Milky Way Seen as Ancient Celestial Deity by Egyptians

By Shanna Mathews-Mendez | Published

milky way

Most people in western countries look up at the sky and catch a hazy glimpse of stars, or what they think might be stars. But thousands of years ago, ancient Egyptians looked up and saw a blanket of twinkling lights, complete with clear connected constellations and, yes, the brilliant Milky Way Galaxy. Now, we discover those ancient Egyptians may have seen the Milky way as much more than just stars. It looks like they considered it a powerful ancient deity–Nut, goddess of the sky, of mothers, of fertility, and even the universe. 

Ancient Egyptians Were Advanced

We often think of modern humanity as incredibly advanced compared to ancient cultures, and in many ways it is. We have microwaves and televisions, smartphones and motor vehicles. But in their own ways, ancient cultures were far more advanced than we can even conceive of today.

Ancient Egypt, a unified empire that was first established around 3100 BCE, built on early forms of irrigation, using the ebb and flow of the Nile River to plan for crops. They conceived of advanced forms of construction to build the pyramids, and they contributed a tremendous amount to the world’s understanding of medicine, math, writing, the arts, and astronomy. 

The Study

milky way

This last advancement is what a recent paper from the University of Portsmouth in New York focuses on. Associate Professor in Astrophysics Dr. Or Graur draws on ancient texts from Egypt to establish a connection between the sky and religion for ancient Egyptians — in this case, specifically the Milky Way. 

He points out that one of the earliest gods, Nut, was depicted as having been stretched across the sky, with her hands and feet spread to make up the north, east, south, and western points of the earth and her torso arching across the sky to encompass the stars. Graur also constructs a simulation of what the Milky Way would have looked like in the night sky to the ancient Egyptians. For Graur, the similarities are undeniable.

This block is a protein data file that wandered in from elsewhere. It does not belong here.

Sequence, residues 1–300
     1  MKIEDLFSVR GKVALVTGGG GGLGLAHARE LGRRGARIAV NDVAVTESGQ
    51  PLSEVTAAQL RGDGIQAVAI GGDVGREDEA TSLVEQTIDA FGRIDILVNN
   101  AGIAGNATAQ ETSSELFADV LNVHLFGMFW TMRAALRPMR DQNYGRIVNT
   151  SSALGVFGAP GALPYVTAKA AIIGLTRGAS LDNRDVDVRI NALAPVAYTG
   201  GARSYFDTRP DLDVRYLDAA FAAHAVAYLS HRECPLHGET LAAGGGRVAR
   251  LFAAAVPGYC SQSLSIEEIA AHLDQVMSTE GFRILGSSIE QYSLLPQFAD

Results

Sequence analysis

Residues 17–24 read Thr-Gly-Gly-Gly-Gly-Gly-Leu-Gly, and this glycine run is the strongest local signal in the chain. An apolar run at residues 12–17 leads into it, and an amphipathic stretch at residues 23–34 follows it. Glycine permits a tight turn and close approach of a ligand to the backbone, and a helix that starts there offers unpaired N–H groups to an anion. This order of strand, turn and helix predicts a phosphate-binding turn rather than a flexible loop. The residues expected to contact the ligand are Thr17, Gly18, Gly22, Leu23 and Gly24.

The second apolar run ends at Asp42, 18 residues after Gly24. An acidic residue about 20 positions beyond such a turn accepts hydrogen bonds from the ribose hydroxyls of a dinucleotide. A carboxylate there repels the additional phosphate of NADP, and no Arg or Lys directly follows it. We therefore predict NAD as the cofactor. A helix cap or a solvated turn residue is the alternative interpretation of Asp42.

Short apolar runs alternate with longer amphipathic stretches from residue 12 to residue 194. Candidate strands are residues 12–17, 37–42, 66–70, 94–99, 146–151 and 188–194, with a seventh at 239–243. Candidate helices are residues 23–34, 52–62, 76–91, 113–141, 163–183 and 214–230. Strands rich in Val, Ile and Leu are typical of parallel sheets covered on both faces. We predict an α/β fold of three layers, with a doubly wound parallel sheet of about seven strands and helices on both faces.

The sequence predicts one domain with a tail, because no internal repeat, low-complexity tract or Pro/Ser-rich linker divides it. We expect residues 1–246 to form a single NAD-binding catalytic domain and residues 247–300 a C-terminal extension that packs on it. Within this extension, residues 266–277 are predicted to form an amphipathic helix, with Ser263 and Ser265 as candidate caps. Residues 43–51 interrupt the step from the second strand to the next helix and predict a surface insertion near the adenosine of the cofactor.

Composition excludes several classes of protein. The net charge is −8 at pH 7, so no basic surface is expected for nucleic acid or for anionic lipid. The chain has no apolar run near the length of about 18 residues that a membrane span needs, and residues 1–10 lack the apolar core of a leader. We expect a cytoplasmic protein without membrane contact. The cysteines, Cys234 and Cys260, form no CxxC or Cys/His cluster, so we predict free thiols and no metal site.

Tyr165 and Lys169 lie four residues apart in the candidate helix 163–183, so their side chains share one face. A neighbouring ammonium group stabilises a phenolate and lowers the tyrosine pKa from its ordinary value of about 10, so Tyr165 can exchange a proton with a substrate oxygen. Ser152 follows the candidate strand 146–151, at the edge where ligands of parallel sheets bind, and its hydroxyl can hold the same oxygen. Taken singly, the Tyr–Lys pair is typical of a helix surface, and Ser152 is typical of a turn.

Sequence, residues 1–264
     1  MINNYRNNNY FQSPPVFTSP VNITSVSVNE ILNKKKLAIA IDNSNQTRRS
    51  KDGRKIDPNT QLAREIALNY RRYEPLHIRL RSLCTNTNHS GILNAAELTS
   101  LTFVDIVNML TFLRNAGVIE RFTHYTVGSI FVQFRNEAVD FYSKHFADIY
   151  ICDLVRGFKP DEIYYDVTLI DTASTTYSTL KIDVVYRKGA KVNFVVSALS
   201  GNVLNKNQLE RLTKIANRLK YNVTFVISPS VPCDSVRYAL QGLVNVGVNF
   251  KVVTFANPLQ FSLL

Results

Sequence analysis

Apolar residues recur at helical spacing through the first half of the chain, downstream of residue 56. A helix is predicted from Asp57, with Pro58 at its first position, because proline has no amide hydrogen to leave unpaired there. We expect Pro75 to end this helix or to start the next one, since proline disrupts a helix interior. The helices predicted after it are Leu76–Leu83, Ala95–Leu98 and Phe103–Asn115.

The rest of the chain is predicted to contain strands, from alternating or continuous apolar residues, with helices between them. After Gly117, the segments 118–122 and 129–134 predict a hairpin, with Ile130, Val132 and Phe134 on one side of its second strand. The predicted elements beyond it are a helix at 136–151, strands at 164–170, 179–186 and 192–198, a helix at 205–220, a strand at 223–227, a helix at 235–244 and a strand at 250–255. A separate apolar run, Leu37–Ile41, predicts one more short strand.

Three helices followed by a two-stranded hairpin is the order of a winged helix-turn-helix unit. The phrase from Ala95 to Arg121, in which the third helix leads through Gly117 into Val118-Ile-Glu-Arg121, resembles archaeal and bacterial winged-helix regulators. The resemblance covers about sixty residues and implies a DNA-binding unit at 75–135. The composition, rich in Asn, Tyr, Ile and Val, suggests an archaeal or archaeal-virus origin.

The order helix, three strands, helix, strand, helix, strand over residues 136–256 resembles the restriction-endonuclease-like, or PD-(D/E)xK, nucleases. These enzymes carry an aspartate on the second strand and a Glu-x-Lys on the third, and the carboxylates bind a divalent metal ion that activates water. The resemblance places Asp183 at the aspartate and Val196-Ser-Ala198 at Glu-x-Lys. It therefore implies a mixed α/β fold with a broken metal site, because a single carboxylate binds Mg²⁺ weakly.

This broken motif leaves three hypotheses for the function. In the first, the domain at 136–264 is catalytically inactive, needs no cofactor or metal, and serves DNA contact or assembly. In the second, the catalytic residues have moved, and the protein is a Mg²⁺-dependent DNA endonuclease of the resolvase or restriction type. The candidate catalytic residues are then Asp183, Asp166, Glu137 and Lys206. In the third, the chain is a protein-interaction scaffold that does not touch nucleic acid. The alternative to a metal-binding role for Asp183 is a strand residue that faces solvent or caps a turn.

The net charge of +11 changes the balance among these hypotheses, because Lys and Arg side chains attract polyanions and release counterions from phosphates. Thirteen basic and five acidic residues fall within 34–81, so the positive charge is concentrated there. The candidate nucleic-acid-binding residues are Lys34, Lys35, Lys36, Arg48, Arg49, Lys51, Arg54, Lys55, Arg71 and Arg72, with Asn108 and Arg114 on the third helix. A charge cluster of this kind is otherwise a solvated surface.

The Goddess Nut

In ancient Egyptian religion, Nut is the daughter of two of the primordial gods, of which there are only nine. Her parents, Shu and Tefnut, were brother and sister and made up a large portion of power in the universe.

As such, Nut and her brother, Geb, come to represent the sky and the earth, respectively. The sky, according to the Egyptians, encompasses a massive amount of power. 

Nut’s Story

Nut has been depicted as a cow, a sycamore tree, a sow suckling her piglets (which are all the stars in the sky), and in a traditional human female form with a water pot as a headdress, which represents the uterus or fertility. She is not only powerful but also incredibly smart, having tricked the sun god, Ra, after he declared she could not have children. 

To circumvent his declaration, she created five more days, making the complete 365, and gave birth to her five children on those days. Most people are familiar with the names of those gods — Osiris, Horus, Set, Isis, and Nephthys. This storycemented her reputation as a great goddess worthy of worship in ancient Egyptian culture, and she became, to many, the quintessential mother figure. 

Nut’s Influences Is Felt Today

In his paper, Graur makes the point that the Ancient Egyptians would have prayed to Nut daily. Furthermore, he notes that her stories, and those of her children, have had a lasting impact on Egyptian culture and adjacent societies. That impact can even be seen in modern times in many contemporary African belief systems around the Milky Way. 

Source: Journal of Astronomical History and Heritage

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